BHHRG has followed events in Georgia closely since the overthrow of the country’s first president, Zviad Gamsakhurdia, in 1991. This was the third occasion on which they had visited the country’s penitentiary system. Alarmingly, despite all efforts to improve Georgia’s law enforcement agencies, including membership of the Council of Europe, conditions have deteriorated further with corruption rife within a prison system seemingly, now run by the inmates rather than the authorities.
The New regime: Overview
A street full of decaying buildings in old Tbilisi
Elections were held in March 2004 to Georgia’s 235 seat parliament, but only for the 150 seats contested by proportional representation. Despite claims of fraud in the November 2003 poll, the 85 majoritarian MPs who won mandates then were not obliged to seek re-election. The results of the poll effectively produced a one-party state with Saakashvili’s National Movement-led coalition winning 135 seats. At first it claimed a clean sweep but, probably under US pressure, one other party, the New Conservatives, (also known as New Rights), was allowed to surmount the 7% threshold to enter parliament with 15 seats. Government ministries were filled with new blood, many co-opted from the NGO sector which had flourished in the late Shevardnadze period when it received massive infusions of Western funds. NGO operatives also took over civil service posts after a purging of the old guard. The salaries of many of these functionaries were reputedly paid from a fund set up by philanthropist, George Soros, including that of the Minister of Justice and Education.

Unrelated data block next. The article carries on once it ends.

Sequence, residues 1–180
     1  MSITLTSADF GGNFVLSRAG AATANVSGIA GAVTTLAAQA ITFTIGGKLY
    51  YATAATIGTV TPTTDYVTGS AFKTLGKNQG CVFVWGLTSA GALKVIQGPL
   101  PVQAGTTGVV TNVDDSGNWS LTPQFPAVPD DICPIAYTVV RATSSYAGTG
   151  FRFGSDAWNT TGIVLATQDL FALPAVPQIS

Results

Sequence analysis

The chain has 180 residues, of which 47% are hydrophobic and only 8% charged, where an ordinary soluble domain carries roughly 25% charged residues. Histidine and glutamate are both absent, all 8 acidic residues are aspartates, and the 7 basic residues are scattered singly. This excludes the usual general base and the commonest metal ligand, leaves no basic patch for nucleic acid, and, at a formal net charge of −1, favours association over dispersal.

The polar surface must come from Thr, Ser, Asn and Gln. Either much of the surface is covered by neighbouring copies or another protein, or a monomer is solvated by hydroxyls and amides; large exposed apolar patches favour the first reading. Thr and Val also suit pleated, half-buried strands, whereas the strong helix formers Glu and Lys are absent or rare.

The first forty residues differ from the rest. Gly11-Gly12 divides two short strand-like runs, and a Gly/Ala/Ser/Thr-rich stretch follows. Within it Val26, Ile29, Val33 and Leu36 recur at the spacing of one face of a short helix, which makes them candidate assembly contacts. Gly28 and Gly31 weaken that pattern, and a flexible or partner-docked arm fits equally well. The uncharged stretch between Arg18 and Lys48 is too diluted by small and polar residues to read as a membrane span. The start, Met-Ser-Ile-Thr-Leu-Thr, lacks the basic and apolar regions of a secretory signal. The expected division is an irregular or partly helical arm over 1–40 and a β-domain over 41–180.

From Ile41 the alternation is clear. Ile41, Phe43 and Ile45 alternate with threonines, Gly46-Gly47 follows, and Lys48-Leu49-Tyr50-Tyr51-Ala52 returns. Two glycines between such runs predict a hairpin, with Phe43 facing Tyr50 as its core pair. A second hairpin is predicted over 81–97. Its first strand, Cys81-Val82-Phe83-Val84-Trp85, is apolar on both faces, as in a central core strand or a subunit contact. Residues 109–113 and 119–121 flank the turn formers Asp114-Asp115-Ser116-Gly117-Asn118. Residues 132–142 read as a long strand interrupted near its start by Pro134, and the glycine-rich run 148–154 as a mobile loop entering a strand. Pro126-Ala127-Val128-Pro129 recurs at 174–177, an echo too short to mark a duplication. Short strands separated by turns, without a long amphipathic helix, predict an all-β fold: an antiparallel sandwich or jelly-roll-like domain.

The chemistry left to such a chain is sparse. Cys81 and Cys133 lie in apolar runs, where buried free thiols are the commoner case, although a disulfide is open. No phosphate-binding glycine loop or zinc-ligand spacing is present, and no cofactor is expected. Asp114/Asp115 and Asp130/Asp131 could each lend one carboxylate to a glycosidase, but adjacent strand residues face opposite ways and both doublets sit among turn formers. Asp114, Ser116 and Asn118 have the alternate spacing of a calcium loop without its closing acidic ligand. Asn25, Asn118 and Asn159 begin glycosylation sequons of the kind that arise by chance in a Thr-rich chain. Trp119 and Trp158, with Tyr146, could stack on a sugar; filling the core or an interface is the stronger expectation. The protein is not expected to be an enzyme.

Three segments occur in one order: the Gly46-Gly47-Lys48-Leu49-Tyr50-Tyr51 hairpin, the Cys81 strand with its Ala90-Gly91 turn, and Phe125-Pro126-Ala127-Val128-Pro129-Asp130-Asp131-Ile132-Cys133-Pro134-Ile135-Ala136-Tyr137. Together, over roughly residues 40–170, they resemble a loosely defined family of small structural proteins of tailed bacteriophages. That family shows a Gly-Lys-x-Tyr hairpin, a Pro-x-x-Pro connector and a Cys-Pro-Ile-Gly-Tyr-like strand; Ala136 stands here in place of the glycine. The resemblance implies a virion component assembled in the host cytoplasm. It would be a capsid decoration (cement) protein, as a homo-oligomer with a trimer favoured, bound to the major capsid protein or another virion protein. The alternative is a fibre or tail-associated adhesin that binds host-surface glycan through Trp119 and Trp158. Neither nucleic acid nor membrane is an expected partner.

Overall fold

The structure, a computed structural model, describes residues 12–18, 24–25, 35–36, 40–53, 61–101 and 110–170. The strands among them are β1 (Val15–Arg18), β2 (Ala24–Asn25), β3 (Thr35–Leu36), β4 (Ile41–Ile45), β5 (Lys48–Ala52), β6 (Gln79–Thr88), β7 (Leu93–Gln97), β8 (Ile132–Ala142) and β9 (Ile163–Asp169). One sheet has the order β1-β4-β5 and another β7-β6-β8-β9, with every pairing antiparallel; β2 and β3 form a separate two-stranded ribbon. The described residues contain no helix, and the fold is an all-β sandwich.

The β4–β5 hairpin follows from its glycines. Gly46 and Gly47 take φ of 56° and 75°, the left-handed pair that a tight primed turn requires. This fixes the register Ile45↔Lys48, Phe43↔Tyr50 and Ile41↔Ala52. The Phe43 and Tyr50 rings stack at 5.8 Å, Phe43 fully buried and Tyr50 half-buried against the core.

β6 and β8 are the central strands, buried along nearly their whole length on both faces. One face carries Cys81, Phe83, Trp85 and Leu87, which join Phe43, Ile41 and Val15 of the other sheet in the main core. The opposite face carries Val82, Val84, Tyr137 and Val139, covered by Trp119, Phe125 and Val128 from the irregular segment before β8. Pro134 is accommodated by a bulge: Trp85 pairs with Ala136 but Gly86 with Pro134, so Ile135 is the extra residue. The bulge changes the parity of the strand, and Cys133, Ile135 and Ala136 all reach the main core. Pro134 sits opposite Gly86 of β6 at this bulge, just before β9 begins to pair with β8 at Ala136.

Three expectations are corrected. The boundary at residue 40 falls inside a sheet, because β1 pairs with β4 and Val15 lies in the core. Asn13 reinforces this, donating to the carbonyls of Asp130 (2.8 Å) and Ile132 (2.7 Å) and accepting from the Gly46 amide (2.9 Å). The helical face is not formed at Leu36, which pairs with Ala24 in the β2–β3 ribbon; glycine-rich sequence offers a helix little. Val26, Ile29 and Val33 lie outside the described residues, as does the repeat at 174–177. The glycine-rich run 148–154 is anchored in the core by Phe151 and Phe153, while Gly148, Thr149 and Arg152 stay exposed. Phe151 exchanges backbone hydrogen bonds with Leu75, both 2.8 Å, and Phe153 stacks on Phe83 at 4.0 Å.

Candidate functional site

As BHHRG has documented the new government immediately set out to settle scores with Shevardnadze era officials. Many former ministers, local administrators and businessmen associated with the former regime were arrested - often live on television - for abuse of office, with people being dragged away in their underclothes. President Saakashvili regularly appeared on television to denounce the suspects, condemning them before any charges were laid. At the same time, some of the more senior officials were allowed to buy their way out of prison by paying large amounts of the money into the state coffers. It was pointed out that this novel form of ‘plea-bargaining’ was lawful. However, as in most jurisdictions, the drafters of the Georgian legislation did not anticipate the handing over of money in exchange for freedom. Despite the obvious impropriety involved in all this, Western commentators lauded the new government for taking bold measures in the fight against corruption.